It's a dog's life when you're a pet of convenience

A fun-loving kitten at Lort Smith Animal Hospital.
A fun-loving kitten at Lort Smith Animal Hospital.
Looking for love: Missey.

Looking for love: Missey.

FOR all of his five years, Diesel the Staffordshire bull terrier lived in a western suburbs backyard. It wasn't an especially interesting life but it's what he knew. A couple of weeks ago, his owner, as part of a Christmas clean-up, decided Diesel was akin to some lawn ornament whose novelty value had gone stale.

One can imagine the dog's excitement as he was led to the car.

At the counter of The Lost Dogs' Home, Diesel's owner explained he didn't want him any more. He was having children over the next day and didn't want the dog in the way. ''The inference was they were having a Christmas do and the dog was inconvenient,'' says general manager Sue Conroy.

Diesel doesn't know what's going on and is undergoing behaviour therapy. ''He's been fretting,'' says Ms Conroy.

There are 150 dogs with similar stories sitting in The Lost Dogs' Home in North Melbourne - and hundreds more in shelters across Melbourne. Their owners have decided the four-legged member of the family has to go. Christmas - the season that speaks of humanity at its best - is the most popular time of year to ditch the family pet.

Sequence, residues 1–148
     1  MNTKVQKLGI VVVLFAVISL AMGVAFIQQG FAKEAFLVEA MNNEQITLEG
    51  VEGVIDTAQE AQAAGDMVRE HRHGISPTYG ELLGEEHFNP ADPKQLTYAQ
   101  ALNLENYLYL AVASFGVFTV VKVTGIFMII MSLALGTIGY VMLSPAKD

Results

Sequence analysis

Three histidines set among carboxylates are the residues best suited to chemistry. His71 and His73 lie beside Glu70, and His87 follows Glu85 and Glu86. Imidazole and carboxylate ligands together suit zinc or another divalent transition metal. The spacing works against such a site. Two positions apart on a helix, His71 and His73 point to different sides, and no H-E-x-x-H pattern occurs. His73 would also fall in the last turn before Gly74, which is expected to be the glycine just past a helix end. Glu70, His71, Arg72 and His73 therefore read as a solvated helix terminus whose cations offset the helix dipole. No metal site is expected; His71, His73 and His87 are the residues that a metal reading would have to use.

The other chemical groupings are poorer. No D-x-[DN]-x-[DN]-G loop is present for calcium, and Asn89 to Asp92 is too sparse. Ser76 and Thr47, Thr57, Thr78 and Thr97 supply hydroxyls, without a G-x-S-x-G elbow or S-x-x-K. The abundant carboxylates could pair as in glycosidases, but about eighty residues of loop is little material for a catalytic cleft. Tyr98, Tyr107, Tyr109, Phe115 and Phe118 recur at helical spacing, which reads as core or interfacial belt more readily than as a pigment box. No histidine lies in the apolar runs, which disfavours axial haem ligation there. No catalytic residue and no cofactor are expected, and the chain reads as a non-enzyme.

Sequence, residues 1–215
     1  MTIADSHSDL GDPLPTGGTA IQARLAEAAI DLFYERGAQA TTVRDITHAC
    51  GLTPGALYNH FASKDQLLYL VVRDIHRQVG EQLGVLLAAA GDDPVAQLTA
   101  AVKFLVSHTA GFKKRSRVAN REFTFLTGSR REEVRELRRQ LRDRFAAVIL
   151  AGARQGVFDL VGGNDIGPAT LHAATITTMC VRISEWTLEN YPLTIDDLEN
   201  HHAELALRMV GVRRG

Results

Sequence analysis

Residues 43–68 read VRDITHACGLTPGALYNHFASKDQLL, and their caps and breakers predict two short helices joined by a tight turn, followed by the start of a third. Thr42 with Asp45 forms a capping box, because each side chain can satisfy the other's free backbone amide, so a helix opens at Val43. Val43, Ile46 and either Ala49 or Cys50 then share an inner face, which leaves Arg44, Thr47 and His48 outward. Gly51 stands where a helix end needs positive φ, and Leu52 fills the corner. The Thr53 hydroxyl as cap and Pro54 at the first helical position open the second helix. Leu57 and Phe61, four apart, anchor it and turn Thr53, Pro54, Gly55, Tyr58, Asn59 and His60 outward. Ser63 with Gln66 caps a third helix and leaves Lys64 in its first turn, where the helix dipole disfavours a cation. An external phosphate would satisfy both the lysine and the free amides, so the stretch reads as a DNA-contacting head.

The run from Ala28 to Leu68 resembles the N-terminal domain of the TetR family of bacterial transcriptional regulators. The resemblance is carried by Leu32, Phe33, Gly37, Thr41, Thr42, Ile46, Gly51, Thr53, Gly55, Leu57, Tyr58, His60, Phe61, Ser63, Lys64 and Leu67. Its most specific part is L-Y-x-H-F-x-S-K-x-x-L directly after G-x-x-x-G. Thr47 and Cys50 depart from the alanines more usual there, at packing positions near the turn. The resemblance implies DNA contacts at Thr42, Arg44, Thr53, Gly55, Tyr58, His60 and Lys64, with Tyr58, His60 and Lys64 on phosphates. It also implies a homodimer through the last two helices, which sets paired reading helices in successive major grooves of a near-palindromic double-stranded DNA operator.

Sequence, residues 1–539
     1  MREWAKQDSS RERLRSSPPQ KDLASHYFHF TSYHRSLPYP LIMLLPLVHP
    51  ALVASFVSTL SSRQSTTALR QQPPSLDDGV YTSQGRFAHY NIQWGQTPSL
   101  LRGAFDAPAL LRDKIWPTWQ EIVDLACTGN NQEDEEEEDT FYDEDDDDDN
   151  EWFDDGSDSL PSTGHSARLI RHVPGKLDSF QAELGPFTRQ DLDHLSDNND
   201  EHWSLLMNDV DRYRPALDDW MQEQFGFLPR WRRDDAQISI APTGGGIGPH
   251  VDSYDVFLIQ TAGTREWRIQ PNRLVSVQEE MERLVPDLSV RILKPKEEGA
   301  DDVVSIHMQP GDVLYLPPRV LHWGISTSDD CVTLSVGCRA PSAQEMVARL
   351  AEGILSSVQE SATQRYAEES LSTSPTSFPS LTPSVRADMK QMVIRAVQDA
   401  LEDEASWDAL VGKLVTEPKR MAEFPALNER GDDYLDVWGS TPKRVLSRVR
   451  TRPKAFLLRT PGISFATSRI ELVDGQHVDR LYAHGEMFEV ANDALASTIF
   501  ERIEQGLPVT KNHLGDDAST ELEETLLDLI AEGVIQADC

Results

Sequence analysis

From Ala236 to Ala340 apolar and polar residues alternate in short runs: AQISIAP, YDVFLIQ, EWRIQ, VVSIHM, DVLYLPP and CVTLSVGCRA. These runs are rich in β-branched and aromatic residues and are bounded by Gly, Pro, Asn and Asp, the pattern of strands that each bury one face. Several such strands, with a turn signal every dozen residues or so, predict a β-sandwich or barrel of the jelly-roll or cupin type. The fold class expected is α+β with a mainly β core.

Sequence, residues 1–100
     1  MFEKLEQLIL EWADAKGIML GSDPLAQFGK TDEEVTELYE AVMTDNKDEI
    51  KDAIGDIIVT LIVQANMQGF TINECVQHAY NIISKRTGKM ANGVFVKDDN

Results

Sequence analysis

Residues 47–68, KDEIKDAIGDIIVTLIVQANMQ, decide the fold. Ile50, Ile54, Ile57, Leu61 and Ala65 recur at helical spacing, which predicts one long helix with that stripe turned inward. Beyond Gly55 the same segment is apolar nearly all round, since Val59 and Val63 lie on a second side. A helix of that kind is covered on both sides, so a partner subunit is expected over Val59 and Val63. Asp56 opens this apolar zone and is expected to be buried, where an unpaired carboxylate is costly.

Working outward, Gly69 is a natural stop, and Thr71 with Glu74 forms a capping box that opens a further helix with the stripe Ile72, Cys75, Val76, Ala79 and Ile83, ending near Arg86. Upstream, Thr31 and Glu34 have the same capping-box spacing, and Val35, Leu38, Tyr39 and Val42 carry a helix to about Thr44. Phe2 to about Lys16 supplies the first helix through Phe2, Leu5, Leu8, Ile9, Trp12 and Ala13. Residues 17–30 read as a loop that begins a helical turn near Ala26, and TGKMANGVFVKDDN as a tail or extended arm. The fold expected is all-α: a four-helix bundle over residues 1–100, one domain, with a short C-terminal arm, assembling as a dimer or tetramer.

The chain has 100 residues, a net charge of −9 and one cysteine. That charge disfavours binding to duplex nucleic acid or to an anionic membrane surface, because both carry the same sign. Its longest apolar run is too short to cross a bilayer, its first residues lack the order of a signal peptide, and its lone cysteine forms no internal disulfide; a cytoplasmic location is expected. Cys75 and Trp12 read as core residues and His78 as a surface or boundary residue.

Since December 15, 280 dogs have come into The Lost Dogs' Home, many picked up as runaways. Only 125 have since been claimed by their owners and taken home; the others remain languishing, evidently victims of dumping. Some of them have identification, most of them are microchipped.

''People call the council and say they have found a dog they want picked up because it's a stray,'' says Ms Conroy. ''When we scan the microchip we find the same address from where the dog was picked up. Once the owners are caught out they'll invent stories like 'we gave him away last week'. It's shameless.''

Often owners won't pick up when they recognise The Lost Dogs' Home number on their phone.

''We use different phones to trick them into picking up. The prime time for catching people out is on a Friday night, because they think it's someone wanting to go out for drinks and they are disappointed when they hear it's us wanting to reunite them with their dog.''

Liz Walker, the shelter manager at Lort Smith Animal Hospital, has had many calls from people wanting to give up their animals ''because they've been able to secure holidays at short notice and there are no boarding facilities, because the kennels and catteries are booked out.

''But they don't come back and retrieve them after their holiday so … they really just wanted to get rid of them.

''We see seven and eight-year-old dogs being surrendered simply because the owners don't have time for them any more.

''We see the same thing with cats. It happens all year round but at Christmas time the calls triple. It's heartbreaking that people see a family member as disposable.''

The Lost Dogs' Home - ''full to overflowing,'' says Sue Conroy - is running a half-price drive on adoptions.


This story It's a dog's life when you're a pet of convenience first appeared on The Age.